The next iteration of the assessment could be published on Aug. 9, pending approval by the researchers convened by the Intergovernmental Panel on Climate Change (IPCC). It will be the sixth edition.
This latest report aims to guide government decisions on addressing global warming and adapting to its impacts.
NPR reported that the new IPCC study will include a set of five hypothetical policy scenarios, “a collection of imaginary worlds in which countries pursue different sets of climate policies.” These scenarios will take into account carbon emissions reductions, population growth, economic development, and technological change.
“This is our best and most comprehensive update on the state of international climate science, and it provides a foundation for international policy development as we move forward,” Lara Kueppers, a UC Berkeley professor and climate scientist at Berkeley Lab, told KQED’s Brian Watt last week.
But given the breakneck pace at which climate science is evolving, and the escalating destruction from warming-driven environmental disasters, Kueppers thinks it’s time for faster, locally focused assessments.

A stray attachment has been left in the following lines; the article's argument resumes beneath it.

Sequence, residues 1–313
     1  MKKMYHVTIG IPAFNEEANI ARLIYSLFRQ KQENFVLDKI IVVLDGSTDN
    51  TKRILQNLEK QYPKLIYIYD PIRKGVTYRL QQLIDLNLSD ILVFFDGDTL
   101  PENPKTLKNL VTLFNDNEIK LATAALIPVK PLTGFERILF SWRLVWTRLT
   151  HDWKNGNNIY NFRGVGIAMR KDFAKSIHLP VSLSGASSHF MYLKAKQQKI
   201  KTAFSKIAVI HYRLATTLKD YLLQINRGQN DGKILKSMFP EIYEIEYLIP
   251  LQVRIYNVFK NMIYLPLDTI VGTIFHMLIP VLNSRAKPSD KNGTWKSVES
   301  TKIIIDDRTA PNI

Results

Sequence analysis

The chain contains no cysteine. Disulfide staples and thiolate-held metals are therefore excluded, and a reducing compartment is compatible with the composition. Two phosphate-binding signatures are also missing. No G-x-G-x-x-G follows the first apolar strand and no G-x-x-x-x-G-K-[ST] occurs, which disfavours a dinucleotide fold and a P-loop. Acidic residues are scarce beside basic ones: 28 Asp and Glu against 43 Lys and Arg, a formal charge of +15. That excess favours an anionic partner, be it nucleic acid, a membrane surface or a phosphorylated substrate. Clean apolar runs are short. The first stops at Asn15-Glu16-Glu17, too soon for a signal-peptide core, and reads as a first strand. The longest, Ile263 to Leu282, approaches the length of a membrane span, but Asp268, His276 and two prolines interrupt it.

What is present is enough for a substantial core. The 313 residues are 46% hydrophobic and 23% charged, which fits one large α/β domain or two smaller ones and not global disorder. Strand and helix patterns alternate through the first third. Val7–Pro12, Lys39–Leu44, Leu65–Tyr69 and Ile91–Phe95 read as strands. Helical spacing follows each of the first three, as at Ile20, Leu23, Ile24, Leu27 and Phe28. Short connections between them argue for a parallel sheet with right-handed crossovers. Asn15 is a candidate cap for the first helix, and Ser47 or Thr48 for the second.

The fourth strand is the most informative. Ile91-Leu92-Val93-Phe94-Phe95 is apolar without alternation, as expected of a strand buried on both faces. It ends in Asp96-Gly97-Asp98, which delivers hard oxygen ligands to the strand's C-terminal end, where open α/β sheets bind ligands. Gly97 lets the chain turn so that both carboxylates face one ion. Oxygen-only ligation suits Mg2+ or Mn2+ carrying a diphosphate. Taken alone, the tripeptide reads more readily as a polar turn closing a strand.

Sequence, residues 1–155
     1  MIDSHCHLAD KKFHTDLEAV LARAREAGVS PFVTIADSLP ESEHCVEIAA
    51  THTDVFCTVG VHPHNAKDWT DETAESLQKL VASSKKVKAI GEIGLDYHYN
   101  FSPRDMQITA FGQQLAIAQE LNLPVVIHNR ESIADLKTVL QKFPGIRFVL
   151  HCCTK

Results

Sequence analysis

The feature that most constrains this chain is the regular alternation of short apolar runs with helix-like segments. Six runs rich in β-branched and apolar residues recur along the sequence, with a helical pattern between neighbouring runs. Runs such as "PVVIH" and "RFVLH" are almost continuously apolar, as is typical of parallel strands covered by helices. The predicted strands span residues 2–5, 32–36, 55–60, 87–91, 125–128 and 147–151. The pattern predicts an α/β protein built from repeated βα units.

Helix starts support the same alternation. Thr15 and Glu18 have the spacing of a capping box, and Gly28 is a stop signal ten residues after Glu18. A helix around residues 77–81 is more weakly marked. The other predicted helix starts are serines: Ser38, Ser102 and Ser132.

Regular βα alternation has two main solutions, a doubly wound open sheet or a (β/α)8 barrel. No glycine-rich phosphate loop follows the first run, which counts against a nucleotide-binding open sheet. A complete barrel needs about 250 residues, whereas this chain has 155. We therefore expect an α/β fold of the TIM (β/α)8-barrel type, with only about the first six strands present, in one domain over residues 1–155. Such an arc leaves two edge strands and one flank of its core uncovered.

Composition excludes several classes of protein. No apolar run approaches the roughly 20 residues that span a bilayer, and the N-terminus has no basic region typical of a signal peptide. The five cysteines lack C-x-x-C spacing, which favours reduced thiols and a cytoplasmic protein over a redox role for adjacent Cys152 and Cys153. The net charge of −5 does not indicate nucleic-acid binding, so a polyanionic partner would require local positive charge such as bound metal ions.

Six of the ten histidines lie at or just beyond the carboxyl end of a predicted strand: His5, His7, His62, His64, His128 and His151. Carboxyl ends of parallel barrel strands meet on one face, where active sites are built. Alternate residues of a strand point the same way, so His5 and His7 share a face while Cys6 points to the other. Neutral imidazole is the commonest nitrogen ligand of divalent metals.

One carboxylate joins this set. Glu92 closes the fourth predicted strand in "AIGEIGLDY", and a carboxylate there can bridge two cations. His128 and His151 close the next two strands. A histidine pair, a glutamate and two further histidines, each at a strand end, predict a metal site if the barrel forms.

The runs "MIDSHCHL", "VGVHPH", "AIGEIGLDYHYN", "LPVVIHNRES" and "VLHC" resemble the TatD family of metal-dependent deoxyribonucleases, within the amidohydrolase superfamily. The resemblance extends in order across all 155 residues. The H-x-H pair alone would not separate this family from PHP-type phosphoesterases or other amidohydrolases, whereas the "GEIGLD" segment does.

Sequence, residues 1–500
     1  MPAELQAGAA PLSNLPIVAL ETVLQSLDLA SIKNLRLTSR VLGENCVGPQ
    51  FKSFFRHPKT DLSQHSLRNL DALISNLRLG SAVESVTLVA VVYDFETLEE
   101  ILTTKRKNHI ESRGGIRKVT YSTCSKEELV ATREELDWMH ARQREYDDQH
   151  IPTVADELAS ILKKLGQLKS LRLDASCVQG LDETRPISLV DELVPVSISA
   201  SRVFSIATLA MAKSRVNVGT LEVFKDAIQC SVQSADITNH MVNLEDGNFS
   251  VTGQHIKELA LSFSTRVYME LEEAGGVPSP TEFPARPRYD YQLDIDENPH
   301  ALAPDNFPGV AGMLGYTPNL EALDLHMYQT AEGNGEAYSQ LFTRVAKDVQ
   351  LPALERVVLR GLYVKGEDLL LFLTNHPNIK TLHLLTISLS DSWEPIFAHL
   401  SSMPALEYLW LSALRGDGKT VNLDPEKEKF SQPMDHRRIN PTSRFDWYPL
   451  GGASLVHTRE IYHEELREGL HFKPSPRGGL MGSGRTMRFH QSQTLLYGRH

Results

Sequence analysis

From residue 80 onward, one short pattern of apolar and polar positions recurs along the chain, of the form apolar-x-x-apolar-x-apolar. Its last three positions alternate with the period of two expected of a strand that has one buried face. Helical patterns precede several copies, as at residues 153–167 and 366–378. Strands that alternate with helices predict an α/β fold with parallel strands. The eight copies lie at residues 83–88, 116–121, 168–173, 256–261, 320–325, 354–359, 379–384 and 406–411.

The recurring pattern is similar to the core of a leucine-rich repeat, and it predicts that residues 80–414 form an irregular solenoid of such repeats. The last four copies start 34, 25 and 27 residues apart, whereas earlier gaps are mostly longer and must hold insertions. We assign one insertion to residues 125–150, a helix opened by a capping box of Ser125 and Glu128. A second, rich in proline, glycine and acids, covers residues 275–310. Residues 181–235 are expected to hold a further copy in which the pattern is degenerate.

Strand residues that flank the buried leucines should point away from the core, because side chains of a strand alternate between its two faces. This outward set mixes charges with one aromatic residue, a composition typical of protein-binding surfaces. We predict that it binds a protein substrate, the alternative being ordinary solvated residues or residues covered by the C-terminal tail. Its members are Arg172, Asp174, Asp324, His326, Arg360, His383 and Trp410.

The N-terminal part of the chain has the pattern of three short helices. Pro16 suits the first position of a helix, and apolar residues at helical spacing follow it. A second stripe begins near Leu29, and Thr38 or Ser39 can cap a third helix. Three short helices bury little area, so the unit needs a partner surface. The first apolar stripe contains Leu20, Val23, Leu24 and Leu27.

"We've really left it up to the IPCC, but it's clear that scientific support for local planning and decision-making is necessary — and the need for this is only growing,” she said.
Kueppers interview has been lightly edited for length and clarity.
How do the IPCC assessments get used?
At best, this document will spur more concerted policy action on climate. At worst it will be a virtual doorstop. The printed and bound versions of these past assessments are quite weighty. Unfortunately, current climate commitments, including the pledges by the Biden administration and other nations, are still insufficient to meet the Paris Agreement's goal to limit warming to one-and-a-half degrees globally, according to the Climate Action Tracker, which follows all of these commitments closely.